JOIN KPK!

Are you a motivated, committed, detail-oriented person? Want to use your love of Korean popular culture for something important?  KPK: Kpop Kollective is looking for undergraduate and graduate students who are passionate about Hallyu (Korean wave) popular culture or interested in digital humanities to support KPK’s mission to collect and organize digital material and publish scholarly musings about K-pop and digital humanities.

Fostering a fun and engaging environment, KPK remains the only community of scholars that collaboratively creates resources and analysis of Korean cultural production for a public audience, thereby creating a public intellectual space for examining K-pop from a perspective outside of Asia.   Members of KPK have published on Korean popular culture and library practice and have presented at numerous academic conferences, including Association for Asian American Studies, Association of College and Research Libraries, Central Savannah Library Association Conference and the Popular Culture Association/American Culture Association Conference.

We invite individuals from around the world who can communicate well in English and have consistent access to the Internet to apply. All positions are voluntary (nonpaid) and all successful applicants undergo training and a one-month probationary period.  We highly value enthusiasm, commitment and a willingness to learn.

COMPILER 

KPK is looking for current or former undergraduate students who have an interest in K-pop to be compilers. Compilers gain valuable experience working on an active scholarly project. If selected, compilers sign up for a three-month term, which may be renewed. Exceptional compilers may be promoted.

We expect Compilers to complete assignment every two weeks.  Duties include:

  • Creating screenshots for KPK projects
  • Creating playlists on KPK’s YouTube Channel
  • Providing relevant content for KPK’s social media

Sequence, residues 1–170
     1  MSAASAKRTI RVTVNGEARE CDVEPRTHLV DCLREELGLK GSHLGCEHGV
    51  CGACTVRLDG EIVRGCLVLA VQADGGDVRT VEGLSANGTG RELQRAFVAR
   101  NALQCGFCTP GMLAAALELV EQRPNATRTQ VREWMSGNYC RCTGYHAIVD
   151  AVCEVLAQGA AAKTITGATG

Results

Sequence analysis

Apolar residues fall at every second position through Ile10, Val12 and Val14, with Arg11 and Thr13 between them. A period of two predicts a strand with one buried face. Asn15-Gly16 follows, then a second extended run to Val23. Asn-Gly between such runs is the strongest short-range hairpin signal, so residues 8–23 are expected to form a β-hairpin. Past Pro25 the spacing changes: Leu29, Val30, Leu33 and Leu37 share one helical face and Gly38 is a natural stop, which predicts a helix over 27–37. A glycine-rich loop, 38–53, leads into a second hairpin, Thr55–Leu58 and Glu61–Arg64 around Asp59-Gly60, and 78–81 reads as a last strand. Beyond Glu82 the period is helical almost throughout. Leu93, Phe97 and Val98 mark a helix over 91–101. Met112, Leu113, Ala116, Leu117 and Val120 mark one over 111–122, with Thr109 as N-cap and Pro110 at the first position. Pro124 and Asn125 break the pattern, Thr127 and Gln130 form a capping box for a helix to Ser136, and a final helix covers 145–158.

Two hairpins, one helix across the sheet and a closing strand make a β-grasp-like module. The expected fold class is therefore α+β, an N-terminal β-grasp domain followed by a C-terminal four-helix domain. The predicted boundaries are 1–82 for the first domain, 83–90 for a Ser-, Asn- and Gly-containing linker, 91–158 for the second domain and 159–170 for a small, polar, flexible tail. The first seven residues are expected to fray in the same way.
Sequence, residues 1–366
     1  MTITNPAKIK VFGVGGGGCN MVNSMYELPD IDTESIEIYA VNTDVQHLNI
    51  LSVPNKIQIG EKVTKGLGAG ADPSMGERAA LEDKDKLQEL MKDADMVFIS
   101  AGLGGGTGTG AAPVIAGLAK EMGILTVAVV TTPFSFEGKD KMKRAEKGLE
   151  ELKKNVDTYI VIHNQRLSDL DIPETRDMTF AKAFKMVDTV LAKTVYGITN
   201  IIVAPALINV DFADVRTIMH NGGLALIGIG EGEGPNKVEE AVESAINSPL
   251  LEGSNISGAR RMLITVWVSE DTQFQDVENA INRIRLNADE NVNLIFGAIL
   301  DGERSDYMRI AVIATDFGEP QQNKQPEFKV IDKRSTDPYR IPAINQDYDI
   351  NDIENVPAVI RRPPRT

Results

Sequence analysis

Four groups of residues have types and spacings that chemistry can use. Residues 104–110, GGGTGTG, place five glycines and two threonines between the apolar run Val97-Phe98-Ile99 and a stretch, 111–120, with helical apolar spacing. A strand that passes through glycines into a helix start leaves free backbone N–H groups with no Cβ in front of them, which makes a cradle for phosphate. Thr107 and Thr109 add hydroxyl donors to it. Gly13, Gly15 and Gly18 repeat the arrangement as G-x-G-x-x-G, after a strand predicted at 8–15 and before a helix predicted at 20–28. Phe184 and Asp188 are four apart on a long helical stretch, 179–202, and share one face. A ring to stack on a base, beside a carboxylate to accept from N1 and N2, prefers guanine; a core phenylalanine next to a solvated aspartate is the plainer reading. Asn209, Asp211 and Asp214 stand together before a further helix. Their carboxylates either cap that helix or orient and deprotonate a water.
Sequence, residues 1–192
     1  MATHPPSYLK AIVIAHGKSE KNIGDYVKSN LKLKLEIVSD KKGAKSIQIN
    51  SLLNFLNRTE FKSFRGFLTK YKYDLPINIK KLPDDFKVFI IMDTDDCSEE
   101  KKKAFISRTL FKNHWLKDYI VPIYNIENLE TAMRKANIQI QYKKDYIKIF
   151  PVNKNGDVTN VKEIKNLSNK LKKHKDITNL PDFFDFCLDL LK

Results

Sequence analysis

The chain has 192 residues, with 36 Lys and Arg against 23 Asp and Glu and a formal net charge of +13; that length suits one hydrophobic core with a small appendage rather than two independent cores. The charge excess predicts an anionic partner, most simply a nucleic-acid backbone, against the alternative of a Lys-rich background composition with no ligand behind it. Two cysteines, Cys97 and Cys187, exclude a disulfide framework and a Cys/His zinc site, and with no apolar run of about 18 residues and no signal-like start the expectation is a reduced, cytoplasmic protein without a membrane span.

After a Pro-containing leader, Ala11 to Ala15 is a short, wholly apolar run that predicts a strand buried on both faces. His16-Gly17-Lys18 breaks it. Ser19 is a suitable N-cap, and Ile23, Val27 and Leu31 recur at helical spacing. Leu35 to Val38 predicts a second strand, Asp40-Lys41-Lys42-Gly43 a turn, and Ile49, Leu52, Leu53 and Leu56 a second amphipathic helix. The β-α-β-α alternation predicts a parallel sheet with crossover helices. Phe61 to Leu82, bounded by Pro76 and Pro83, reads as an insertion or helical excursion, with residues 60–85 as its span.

How to apply: Fill out the brief application.  Upon receipt, we will contact you with a sample assignment to complete and return. Members of KPK senior staff will review your completed assignment and make a decision within one week (seven days).

FELLOW 

KPK is looking for graduate students who have a research interest in Hallyu popular culture to be Fellows. Fellows gain valuable experience working on a collaborative research project, training in digital tools and receive feedback on and exposure for their own work.  If selected, Fellows sign up for a four-month term, which may be renewed. Exceptional Fellows may be promoted.

We expect Fellows to complete assignments every two weeks.  Duties include:

  • Compiling information for discographies and videographies
  • Contributing a blog post to KPK’s WordPress site once a month

How to apply: Fill out the brief application.  Upon receipt, we will contact you with a sample assignment to complete and return. Members of KPK senior staff will review your completed assignment and application and make a decision within one week (seven days).

If you have any questions, please email:  kpopkollective@gmail.com.

Slide08

As you know, iFans: Mapping Kpop’s International Fandom is a study seeking to understand the attitudes of global fans of K-pop’s most successful groups. You can now view the results of the analysis of the survey data and an email interview with a fan of SNSD!  Click here to view the What Fans Think section of the digital exhibit.  Sad that you aren’t included? You can always take the email survey online here! C’mon, SONES, you are one of the biggest K-pop fandoms out there! Click the link and represent!

Kaetrena Davis Kendrick, M.S.L.S.

University of South Carolina Lancaster

Welcome to Part 3 of my ongoing series of bibliographic entries about Hallyu.   These entries are listed by year, not by author (TIP: If you know about a title or author and you want to see if it’s included in this listing, use the CTRL +F function).

To learn more about my searching parameters, information-gathering processes, and your ability to access these items, see my earlier essay titled “For Your Reading Pleasure: Introducing A Hallyu Bibliography.”  Click for Part 1 and Part 2 of the bibliography.